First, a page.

Brushing aside reports suggesting that the Nuclear Suppliers Group (NSG) will not have "full civil nuclear cooperation" with India, South Block has stressed it will go by official documents rather than by contents of "so-called secret pacts".
"As far as we are concerned India has got the waiver it had asked for from the NSG that allows full civil nuclear cooperation with all its member countries," sources in the Ministry of External Affairs (MEA) told IANS on Saturday.
A story carried by the Washington Post on Friday suggested that NSG members have had a secret pact not to cooperate with India on sensitive technologies.
"The agreement undercuts one of the Indian government's key rationales for seeking a civilian nuclear deal with the United States that it would open the door for 'full civil nuclear cooperation' with the rest of the world," the daily suggested.
But France, a key player in the field of civil nuclear energy and member of the NSG, has made it clear that it will offer its "first generation" EPR nuclear reactor to India and also hold talks with it on cooperation in re-processing technology.
The Indian establishment sees much of the negative campaign as part of the frustration of the US based non-proliferation lobbies.
Officially, India has not reacted to the report. But sources in the ministry, who asked for anonymity as they were not authorised to speak to the media, said that New Delhi will go by what is in the official NSG document rather than in the secret pacts between members of the group.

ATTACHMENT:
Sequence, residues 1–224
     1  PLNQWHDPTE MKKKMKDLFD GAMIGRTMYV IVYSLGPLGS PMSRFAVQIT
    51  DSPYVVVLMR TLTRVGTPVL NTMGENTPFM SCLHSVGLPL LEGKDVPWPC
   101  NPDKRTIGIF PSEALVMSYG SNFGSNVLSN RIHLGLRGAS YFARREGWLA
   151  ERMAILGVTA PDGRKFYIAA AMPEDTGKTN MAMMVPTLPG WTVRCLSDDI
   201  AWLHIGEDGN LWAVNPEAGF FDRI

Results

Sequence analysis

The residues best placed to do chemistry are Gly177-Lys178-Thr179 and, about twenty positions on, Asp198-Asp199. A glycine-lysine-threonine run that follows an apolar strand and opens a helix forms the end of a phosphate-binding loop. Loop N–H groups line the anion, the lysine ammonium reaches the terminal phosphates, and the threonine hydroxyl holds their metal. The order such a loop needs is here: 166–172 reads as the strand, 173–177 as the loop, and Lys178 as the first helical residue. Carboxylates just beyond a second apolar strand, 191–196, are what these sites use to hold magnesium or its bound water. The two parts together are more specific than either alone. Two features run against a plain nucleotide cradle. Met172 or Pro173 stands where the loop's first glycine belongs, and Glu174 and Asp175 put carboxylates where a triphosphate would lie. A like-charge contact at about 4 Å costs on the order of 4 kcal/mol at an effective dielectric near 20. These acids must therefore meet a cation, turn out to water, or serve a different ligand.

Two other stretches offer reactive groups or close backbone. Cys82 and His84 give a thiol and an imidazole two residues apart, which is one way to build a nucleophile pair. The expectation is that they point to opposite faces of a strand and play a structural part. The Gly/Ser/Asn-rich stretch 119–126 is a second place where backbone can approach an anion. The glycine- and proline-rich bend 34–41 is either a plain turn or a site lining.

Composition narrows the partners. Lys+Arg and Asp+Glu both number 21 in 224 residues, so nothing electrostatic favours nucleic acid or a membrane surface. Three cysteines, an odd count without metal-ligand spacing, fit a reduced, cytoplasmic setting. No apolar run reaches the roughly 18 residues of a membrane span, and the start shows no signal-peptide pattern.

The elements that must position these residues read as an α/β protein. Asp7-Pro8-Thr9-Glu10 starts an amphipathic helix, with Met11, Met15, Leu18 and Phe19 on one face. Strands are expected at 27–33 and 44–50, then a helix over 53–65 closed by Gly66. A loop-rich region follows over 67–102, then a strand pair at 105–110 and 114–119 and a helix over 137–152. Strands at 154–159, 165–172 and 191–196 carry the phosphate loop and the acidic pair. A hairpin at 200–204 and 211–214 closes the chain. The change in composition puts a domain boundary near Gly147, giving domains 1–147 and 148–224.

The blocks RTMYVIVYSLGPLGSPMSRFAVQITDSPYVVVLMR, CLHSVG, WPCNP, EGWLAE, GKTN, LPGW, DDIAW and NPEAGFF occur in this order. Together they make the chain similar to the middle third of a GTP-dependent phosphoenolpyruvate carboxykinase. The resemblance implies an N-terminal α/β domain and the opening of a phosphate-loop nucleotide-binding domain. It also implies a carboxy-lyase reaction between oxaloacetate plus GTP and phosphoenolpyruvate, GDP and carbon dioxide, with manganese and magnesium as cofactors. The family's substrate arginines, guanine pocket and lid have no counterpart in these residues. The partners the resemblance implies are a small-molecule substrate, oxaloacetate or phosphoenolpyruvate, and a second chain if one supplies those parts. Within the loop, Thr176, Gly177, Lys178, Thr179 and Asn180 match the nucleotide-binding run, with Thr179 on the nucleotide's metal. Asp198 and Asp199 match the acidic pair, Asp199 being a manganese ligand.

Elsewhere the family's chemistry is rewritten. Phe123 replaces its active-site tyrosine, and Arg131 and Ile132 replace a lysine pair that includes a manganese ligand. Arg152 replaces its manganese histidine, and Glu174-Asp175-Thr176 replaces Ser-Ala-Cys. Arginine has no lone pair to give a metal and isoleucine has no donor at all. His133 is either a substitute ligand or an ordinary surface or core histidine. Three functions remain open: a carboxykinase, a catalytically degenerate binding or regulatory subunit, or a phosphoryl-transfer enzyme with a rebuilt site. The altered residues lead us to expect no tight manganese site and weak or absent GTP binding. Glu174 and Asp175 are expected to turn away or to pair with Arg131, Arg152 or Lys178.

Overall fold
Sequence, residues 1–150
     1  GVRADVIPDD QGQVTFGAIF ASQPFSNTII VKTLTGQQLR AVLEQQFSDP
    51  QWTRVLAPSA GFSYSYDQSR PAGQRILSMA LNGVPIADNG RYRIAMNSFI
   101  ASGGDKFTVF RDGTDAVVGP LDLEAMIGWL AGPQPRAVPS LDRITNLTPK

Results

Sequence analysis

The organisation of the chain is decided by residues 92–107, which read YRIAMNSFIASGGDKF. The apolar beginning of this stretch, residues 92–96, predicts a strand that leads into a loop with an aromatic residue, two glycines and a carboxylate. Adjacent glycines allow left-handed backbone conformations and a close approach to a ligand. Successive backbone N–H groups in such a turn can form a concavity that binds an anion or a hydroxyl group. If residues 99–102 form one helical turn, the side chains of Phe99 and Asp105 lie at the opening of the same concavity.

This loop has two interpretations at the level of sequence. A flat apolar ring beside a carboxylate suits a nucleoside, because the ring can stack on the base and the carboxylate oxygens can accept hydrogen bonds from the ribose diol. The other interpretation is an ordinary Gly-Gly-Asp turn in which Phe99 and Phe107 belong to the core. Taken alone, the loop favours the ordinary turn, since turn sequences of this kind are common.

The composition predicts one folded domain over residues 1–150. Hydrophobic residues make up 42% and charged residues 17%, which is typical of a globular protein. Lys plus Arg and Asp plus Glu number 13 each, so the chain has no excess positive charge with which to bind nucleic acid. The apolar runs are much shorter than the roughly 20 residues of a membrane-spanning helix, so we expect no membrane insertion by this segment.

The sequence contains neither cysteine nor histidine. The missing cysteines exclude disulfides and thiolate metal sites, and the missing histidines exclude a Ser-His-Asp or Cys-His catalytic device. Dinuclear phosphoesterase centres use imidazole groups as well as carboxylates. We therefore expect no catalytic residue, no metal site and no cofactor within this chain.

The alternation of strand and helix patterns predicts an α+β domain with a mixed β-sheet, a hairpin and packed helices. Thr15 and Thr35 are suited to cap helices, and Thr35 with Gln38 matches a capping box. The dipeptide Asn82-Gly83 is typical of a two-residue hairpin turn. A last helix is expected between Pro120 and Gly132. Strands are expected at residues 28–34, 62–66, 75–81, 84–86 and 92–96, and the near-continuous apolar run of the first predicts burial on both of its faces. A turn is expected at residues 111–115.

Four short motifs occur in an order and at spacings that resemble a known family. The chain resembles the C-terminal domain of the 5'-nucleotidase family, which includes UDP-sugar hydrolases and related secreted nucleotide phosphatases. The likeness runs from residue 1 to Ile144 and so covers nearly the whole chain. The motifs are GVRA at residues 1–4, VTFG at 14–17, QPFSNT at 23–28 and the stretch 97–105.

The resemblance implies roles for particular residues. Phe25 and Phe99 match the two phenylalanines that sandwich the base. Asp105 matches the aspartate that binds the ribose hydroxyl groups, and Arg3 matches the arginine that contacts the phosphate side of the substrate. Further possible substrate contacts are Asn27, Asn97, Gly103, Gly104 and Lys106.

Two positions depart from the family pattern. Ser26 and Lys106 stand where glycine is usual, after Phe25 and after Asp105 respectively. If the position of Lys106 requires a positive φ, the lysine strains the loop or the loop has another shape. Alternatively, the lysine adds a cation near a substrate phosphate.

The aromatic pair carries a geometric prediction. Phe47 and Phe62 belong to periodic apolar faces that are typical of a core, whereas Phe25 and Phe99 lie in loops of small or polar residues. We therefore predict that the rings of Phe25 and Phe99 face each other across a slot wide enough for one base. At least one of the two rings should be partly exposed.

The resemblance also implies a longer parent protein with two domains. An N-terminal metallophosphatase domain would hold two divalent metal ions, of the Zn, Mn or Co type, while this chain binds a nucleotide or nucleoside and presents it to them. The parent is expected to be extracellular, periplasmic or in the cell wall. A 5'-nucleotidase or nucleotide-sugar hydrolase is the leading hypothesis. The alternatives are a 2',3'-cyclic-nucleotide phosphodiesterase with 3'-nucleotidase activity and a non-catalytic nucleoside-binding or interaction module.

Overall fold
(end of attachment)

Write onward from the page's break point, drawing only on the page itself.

"These lobbies have been campaigning against an Indian waiver and feel totally frustrated and disappointed for not being able to stop it," sources said.
"I guess they will perhaps die down once the Indo-US nuclear deal is completed," they added.
The nuclear deal is now before the US Congress for its final approval. There are indications that it may come through and be ready for signature when Prime Minister Manmohan Singh and President George W Bush meet in Washington Sep 25.
On Friday, India officially reacted to news report that highlighted portions of President Bush's letter to Congressman Howard Berman in which he said the fuel supply assurance to India was not "legally binding" on the US government.
MEA spokesman Navtej Sarna had maintained that India will go by the 123 agreement between India and the US and once it came into force it will become a legal document.
But in private, Indian and foreign diplomats argue that most agreements, especially on sensitive areas like civil nuclear energy, were enforceable through political understanding rather than by legally binding documents.
French officials also argue that while provisions for fuel supply were part of the proposed pact it plans to finalise with India on civil nuclear energy cooperation, it will not make it legally binding.
They pointed out that countries which set up or sell nuclear reactors also provide for nuclear fuel to run them. But since the fuel is not something that is easily available, no country will go into an assurance that is legally binding.
"More often that not such guarantees work on the basis of the political equations between countries, rather than through legal mechanisms," French officials told IANS.